Class Part II Essay

Submitted By Goodman-Biyong
Words: 2422
Pages: 10

Interpersonal Psychology: Part II October 11, 2011.

Transactions are the flow of communication, and more specifically the unspoken psychological flow of communication that runs in parallel. Example: sweet caring voice with sarcastic intent. To read the real communication requires both surface and non-verbal reading.
Strokes are the recognition, attention or responsiveness that one person gives another. Strokes can be positive (nicknamed "warm fuzzies"[7]) or negative ("cold pricklies"). A key idea is that people hunger for recognition, and that lacking positive strokes, will seek whatever kind they can, even if it is recognition of a negative kind.

Eric Berne IP: Popularized Transactional Analysis by books: games people play, I’m ok your ok.

Benefits of knowledge of T.A. concepts:
Improve understanding of communication transactions.
Learn about dominant ego state.
Better able to avoid psychological game playing.
Improve communication effectiveness.
Effective use of strokes

Eric Berne IP States:
1. Child EGO state:
Natural Child:
Displaying Curiosity, need for fun, joy, intimacy, fantasy, impulsivity.
Adapted Child:
Either compliant. (Placating) or rebellious (demanding, defiant, or whiney)
i. Early (or Somatic) Child - Crybaby ii. Early Adult (or little professor) - Early problem-solving iii. Early Parent - Internalization of nurturing and prohibitive messages 2. Adult Ego State
- Objective and rational functions.
- Considers consequences
- Referee between Parent Ego State (demands) and Child (wants)
3. Parent Ego State:
Rules, morals, manners.
Nurturing Parent:
Caring and protective.
Critical Parent:
Control, Intimidating, enforcing.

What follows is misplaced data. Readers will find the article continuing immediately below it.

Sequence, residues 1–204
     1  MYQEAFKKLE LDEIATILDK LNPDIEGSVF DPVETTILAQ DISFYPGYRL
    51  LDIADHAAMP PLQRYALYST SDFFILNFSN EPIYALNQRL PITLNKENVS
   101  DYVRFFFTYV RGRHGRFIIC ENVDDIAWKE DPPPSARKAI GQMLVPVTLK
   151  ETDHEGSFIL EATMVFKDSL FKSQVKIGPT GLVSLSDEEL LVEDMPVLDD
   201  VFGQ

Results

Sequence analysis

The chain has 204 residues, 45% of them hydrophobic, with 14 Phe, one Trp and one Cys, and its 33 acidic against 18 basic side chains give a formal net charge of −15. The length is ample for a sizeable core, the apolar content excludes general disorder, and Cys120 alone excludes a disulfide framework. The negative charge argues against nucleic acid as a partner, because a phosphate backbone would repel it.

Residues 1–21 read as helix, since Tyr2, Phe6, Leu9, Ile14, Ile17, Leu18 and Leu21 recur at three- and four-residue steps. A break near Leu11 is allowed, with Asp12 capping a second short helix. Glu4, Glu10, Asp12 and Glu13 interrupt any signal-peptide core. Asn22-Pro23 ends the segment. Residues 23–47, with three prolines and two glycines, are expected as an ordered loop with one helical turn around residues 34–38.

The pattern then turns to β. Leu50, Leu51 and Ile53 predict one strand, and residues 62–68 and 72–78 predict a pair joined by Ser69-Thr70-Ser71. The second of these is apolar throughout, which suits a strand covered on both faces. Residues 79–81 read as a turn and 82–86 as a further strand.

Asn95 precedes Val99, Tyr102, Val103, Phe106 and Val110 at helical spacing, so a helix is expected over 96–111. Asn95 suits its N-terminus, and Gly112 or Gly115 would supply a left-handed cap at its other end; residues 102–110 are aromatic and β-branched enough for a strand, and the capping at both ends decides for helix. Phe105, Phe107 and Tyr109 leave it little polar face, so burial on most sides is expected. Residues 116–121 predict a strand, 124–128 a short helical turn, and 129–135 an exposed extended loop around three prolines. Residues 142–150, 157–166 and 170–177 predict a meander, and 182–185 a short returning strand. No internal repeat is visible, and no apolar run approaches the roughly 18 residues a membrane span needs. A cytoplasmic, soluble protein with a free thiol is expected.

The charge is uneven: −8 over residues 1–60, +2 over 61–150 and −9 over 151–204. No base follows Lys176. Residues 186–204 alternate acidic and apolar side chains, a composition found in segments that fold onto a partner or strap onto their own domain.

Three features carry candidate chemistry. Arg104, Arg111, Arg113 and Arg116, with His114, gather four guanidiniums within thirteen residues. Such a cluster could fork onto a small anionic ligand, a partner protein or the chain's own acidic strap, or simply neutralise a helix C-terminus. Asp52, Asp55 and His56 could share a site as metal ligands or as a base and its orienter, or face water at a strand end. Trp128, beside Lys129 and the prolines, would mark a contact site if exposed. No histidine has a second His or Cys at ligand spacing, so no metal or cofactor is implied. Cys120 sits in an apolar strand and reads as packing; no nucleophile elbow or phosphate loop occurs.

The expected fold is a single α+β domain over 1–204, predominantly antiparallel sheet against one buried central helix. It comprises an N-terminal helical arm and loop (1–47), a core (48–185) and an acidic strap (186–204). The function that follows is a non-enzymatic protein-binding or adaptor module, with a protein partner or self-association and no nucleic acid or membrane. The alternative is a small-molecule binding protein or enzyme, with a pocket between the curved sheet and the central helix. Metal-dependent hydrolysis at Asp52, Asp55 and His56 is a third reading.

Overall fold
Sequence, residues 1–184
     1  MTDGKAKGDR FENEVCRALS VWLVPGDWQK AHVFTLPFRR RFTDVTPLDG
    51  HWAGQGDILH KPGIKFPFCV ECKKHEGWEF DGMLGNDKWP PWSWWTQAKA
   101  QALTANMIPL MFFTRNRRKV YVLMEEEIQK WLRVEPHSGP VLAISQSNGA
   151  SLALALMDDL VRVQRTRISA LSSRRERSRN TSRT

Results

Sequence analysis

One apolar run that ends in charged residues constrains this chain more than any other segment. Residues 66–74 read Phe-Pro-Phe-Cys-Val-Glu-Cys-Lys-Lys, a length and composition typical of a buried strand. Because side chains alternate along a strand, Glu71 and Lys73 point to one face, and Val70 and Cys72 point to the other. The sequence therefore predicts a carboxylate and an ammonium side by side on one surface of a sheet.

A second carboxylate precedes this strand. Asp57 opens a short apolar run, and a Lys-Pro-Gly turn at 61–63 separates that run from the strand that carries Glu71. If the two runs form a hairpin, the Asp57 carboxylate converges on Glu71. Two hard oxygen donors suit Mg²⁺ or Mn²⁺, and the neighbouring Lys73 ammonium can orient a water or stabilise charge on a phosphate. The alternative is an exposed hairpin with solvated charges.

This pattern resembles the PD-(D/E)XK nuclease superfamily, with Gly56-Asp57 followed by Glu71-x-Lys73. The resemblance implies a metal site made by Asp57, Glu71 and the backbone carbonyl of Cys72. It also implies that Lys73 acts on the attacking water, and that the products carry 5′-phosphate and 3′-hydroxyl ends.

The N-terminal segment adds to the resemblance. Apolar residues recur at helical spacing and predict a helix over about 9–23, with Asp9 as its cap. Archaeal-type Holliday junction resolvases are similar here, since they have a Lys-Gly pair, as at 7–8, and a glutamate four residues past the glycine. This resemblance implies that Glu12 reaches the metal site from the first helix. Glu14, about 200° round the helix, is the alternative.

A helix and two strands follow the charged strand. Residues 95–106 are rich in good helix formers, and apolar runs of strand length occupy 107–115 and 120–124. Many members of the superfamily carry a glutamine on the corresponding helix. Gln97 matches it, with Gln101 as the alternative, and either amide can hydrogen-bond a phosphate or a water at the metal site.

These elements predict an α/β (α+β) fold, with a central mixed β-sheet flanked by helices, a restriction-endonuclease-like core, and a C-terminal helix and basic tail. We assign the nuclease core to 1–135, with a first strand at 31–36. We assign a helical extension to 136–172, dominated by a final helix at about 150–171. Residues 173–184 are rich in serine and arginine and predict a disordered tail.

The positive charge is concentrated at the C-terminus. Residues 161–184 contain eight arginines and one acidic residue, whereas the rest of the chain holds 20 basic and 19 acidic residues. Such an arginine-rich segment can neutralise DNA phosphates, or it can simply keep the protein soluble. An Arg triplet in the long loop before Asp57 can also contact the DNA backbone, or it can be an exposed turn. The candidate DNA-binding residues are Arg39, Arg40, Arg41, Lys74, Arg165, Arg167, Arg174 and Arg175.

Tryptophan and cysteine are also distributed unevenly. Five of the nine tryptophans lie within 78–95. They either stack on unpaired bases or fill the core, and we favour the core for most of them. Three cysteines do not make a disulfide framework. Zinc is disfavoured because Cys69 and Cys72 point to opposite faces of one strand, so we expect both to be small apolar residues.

As Parent develops:
Incorporates messages from caretakers.
Messages can come from three all three states: Jumping on the bed example.
Pp (Parent state of Parent)
Do what I tell you to do (critical parent); scolding, upset
Ap (Adult state of Parent)
Don’t jump because you might get hurt; rational
Cp (Child state of Parent)
Whining, complaining

Transactional Stimulus: Acknowledging the other. Transactional Response: Response to stimulus.

Three Main Transaction Types:
1. Complimentary:
A simple, reciprocal transaction occurs when both partners are addressing the ego state the other is in. Parallel Transaction in P-C-A
EG. P-P, A-A, C-C.
Unequal type of Complementary Transaction:
Respond from unequal ego states.
EG: C-P (In this case a child [requesting like a child] and a Parent [responding as parent])
2. Crossed:
- Non-parallel lines of communication.
- Cross or intersect.
- Where partners address ego states other than the one that their partner is in.

Two Types of Crossed Transactions:
Type 1:
Message stimulus: A-A
Receiver responds: C-P
Type 2:
Message Stimulus: A-A
Receiver Responds: P-C
3. Ulterior Transactions (spilt): where the explicit (surface) social conversation occurs in parallel with an implicit (subsurface) psychological transaction.
Use more than two ego states at one time.
Angular (3 Ego states)
Three ego states (A, A, C)
On surface may appear A-A
S: I’m applying for law school.
R: That’s really hard to get in to. (You might not be smart enough)
S: I’m applying anyway. (I am smart enough)
Duplex (4 Ego states)
Four ego states
Common in flirtation games
Surface transaction: A-A
Ulterior: C-C
S: Come up to my apartment to see my sketches? (Would you like to play?)
R: Yes that sounds good. (Of course I’d like to play)

Strokes: The basic motivation behind social interactions: An acknowledging (Physical or Symbolic).
Positive Strokes: Warm fuzzy.
- Feel good and content.

Requested Strokes: asked for

Earned Strokes: Done something for.
Negative Strokes: Cold prickly.
- Feel unpleasant but still acknowledged.
- Better than no strokes at all.
Freebie Strokes: Do not have to do anything for

“Types of STROKES”

Life Positions:
1) I’m not OK – You’re OK
a. Children often decide it is their fault